Although the terms values, morals and ethics are often used interchangeably, society generally attaches a fine distinction among them:
Values -- an individual's accepted standards of right or wrong
Morals -- society's standards of right and wrong, very similar to ethics
Ethics -- a structured system of principles that govern appropriate conduct for a group, including activities such as professional ethics, compassion, commitment, cooperation
The traits that a society ascribes to those terms, of course, are not static. "Values, morals and ethics change with a culture," psychology professor Hal Fishbein points out, "and are tied to a culture. They seem to be enduring, but they have to do with the success of running a culture.
"In the hunter-gatherer society, for example, you had no choice but to trust. It was not a virtue. You had to trust or you wouldn't survive. Today, we don't have to be that way. We can cheat, and we can get away with it."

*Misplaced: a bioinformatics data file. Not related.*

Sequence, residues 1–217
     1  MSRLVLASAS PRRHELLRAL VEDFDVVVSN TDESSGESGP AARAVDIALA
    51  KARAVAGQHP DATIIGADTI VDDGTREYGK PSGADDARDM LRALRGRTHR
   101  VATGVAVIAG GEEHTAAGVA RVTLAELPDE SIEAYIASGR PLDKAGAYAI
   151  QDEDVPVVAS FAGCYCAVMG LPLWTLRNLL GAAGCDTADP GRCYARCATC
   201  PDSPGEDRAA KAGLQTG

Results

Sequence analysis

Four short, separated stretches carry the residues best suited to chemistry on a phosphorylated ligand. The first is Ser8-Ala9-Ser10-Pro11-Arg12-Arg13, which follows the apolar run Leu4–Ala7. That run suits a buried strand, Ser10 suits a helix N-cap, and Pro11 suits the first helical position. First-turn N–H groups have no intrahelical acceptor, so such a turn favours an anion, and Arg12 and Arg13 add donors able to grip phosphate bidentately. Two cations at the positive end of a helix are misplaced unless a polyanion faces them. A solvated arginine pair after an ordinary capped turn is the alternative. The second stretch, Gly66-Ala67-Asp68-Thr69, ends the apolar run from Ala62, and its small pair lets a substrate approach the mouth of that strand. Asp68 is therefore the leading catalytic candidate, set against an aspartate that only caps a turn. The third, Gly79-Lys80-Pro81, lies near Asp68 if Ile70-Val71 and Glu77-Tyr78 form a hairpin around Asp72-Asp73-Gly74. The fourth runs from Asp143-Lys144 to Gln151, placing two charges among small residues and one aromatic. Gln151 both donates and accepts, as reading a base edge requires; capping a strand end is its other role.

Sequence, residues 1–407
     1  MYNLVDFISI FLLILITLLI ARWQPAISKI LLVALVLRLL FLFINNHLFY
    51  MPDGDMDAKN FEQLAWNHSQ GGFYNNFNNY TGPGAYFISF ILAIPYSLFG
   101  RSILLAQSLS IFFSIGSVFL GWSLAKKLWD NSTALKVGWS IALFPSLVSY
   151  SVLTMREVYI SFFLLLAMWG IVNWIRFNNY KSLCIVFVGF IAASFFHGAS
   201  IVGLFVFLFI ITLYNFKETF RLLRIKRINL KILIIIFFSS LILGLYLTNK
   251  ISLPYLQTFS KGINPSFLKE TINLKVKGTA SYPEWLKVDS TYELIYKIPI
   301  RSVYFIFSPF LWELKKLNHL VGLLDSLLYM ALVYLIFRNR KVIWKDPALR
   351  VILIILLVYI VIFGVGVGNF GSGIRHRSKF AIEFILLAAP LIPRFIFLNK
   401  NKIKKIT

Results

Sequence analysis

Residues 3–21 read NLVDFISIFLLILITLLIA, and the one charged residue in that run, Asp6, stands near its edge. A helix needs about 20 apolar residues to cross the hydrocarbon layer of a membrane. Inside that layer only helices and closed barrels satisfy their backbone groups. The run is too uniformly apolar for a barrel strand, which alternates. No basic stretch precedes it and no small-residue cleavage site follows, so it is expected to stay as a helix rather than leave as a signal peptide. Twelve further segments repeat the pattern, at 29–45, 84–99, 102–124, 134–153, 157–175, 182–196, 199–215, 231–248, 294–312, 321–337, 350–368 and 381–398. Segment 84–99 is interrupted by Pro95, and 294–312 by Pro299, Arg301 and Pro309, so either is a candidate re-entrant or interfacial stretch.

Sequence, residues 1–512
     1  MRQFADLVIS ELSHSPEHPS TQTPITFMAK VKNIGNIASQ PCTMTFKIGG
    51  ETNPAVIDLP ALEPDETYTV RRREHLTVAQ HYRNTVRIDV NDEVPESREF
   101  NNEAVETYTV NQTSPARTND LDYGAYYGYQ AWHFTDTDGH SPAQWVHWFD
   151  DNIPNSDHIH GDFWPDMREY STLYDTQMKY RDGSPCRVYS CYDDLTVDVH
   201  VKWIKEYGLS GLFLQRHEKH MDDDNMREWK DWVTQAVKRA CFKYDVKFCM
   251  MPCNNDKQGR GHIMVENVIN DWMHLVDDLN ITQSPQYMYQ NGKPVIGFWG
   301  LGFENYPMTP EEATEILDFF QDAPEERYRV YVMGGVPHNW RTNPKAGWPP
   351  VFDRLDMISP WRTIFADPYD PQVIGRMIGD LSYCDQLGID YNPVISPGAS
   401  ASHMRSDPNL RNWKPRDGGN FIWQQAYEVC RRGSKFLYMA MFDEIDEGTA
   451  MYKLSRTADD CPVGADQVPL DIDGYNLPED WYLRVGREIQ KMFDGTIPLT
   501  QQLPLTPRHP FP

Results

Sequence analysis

University of Cincinnati philosophy professor Larry Jost adds a more-recent perspective on morals -- from only 2,300 years ago: "Aristotle talked about a moral target. There are many ways to miss, he said, but only one way to get it right. He said a virtuous person knows how to be angry, when he should be angry, what he should be angry at and at whom he should be angry."
It's not easy, he says; you either hit the bull's eye or you don't. To make it tougher, "your values can pull you in different directions," he notes. "The only people who claim value questions are easy are those who don't think for themselves."